Many Americans have a diet rich in calories but poor in nutrients, vitamins and minerals. Nearly all Americans fall short of meeting the recommended daily intake of fruits and vegetables, which help to supply fiber, vitamins and nutrients. In fact, 90% of Americans do not eat enough fruits and vegetables daily. In addition, despite being a great way to fill nutritional gaps, only 58% of Americans take supplements.
Only 5% of Americans get enough fiber, which helps to support digestive health as well as heart health. Although supplements may be good for overall health and wellness, it can be difficult to maintain a daily supplement routine. About 10 years ago, gummy vitamins became available for adults, which helped to support regular consumption of a daily multivitamin. Let’s take a look at some commonly asked questions below:
What are gummy vitamins?
Gummy vitamins are chewable vitamins that have a texture and taste similar to gummy candies and come in a variety of flavors, colors, and shapes. Many people prefer this vitamin delivery option because of their sweet taste and the nutrients they provide. These vitamins appeal to children and adults because they offer an alternative to swallowing pills, and have become one of the most popular types of vitamins.
What are gummy vitamins made of?
Gummy vitamins are most commonly formulated with gelatin, pectin, corn starch, water, sugar, and added colorings. Popular flavors include lemon, raspberry, cherry, and orange. The amount and type of ingredients can vary. Gummy vitamins may contain multiple vitamins and minerals (multivitamin gummy) or contain only a few key vitamins or minerals like vitamin C and zinc (immune health gummy).
Things to watch out for?
Gummy vitamins may provide a good alternative for some people. However, there are some things that a savvy person should avoid. Check the sugar content. The sweet taste of gummy vitamins may come from added sugars, which equates to increased calories. Consuming too much added sugar is linked to cardiovascular disease, obesity and dental cavities. The American Heart Association (AHA) suggests limiting added sugar in your diet (More information here). While the added sugar in gummy vitamins may not seem like a large amount, the additional total in a day may contribute to excessive sugar consumption — especially if you eat snacks and foods high in sugar.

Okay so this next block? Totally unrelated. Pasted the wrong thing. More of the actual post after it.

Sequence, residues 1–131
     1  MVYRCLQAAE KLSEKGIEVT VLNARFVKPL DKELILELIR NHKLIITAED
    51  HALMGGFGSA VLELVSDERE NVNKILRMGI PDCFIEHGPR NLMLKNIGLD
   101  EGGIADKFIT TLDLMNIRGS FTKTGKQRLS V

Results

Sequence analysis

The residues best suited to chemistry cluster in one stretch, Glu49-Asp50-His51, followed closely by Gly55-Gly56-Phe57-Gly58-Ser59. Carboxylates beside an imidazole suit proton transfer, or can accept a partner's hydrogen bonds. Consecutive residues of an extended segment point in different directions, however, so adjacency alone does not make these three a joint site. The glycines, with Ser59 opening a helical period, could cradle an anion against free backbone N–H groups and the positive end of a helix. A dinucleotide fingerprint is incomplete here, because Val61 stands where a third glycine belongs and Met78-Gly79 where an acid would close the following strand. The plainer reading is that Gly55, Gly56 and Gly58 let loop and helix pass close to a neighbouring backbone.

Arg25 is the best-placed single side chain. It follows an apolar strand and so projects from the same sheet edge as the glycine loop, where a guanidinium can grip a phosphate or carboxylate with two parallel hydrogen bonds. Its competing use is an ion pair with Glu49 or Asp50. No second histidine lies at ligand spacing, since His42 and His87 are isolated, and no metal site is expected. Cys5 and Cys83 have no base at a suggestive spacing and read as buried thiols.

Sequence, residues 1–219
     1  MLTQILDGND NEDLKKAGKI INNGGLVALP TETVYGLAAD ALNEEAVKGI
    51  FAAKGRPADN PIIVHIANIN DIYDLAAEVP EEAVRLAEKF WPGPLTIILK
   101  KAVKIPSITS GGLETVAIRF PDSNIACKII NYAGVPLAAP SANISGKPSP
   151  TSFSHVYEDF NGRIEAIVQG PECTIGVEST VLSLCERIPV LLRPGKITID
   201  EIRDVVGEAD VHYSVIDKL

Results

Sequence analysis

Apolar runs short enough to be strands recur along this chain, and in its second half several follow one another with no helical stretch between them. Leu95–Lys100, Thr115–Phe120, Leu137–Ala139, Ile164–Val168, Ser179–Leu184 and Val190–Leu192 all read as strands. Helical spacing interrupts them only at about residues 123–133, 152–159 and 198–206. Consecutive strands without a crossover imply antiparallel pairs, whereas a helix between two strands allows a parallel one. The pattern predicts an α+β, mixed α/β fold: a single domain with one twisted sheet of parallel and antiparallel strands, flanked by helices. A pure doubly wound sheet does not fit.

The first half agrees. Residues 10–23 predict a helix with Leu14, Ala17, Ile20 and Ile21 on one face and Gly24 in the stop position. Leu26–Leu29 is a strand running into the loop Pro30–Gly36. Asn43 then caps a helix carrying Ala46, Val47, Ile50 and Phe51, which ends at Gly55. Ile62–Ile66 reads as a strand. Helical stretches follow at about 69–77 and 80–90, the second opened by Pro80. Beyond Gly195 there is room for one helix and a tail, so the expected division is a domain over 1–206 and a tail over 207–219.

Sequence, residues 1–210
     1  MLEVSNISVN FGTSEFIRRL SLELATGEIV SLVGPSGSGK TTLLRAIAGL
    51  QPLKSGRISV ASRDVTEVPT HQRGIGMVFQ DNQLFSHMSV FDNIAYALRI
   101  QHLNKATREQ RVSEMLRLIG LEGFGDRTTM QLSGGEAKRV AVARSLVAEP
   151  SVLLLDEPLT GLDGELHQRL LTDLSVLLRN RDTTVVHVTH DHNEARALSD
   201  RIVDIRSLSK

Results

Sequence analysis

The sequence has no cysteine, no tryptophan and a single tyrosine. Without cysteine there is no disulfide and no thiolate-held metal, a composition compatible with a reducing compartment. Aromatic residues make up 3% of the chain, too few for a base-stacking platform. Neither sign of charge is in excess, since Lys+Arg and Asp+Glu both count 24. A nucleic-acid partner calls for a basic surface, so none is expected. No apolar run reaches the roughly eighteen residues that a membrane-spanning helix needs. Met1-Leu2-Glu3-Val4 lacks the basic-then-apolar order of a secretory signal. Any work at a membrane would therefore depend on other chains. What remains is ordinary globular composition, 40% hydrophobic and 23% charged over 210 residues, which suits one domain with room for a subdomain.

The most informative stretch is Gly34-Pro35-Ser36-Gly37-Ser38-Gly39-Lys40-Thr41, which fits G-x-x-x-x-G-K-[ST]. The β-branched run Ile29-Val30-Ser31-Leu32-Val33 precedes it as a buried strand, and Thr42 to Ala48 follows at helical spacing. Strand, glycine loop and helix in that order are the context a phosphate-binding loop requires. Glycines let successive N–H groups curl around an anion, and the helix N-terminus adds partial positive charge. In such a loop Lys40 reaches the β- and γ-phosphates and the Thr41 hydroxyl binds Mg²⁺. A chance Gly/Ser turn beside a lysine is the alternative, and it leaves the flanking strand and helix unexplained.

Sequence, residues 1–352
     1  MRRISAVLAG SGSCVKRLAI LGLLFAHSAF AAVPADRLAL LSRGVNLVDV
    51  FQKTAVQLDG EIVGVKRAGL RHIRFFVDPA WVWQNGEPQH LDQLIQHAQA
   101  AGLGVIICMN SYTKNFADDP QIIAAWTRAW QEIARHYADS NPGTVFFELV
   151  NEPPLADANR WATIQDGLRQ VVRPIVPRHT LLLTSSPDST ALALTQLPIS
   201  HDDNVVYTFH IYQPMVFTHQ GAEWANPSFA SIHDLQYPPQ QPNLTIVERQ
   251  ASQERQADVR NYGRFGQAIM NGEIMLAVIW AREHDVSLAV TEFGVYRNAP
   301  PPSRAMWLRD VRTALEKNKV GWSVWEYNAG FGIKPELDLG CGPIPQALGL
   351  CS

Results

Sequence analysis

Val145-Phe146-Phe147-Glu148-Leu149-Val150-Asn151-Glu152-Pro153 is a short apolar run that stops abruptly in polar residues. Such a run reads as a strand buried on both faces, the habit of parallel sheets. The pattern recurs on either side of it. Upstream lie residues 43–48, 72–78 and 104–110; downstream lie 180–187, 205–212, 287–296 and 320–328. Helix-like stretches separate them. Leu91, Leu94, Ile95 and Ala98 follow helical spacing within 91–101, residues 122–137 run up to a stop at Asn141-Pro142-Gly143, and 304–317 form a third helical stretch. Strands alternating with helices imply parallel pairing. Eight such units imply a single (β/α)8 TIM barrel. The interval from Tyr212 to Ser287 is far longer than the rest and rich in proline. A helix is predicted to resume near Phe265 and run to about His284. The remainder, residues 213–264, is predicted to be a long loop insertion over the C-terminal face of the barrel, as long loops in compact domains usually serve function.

Overconsumption of gummy vitamins may put you at risk of getting too much of certain nutrients, especially if you also eat foods already fortified with vitamins and minerals. This is highly unlikely, but for certain vitamins and minerals could lead to unhealthy levels. Vitamins to monitor for maximum intake include fat-soluble vitamins; vitamins A, D E, and K can accumulate since they can be stored in body fat and tissues for longer periods of time. Minerals with intake considerations include iron, copper, selenium and zinc. This concern is most apparent for young children who may view gummy vitamins as candy and eat more than the recommended serving. As with all dietary supplements please keep them out of the reach of children and consult a physician before adding them into a daily diet.
While supplements are a great way to supplement gaps in your diet, they are not meant to replace food. It is important to eat a balanced diet that includes fruits and vegetables.
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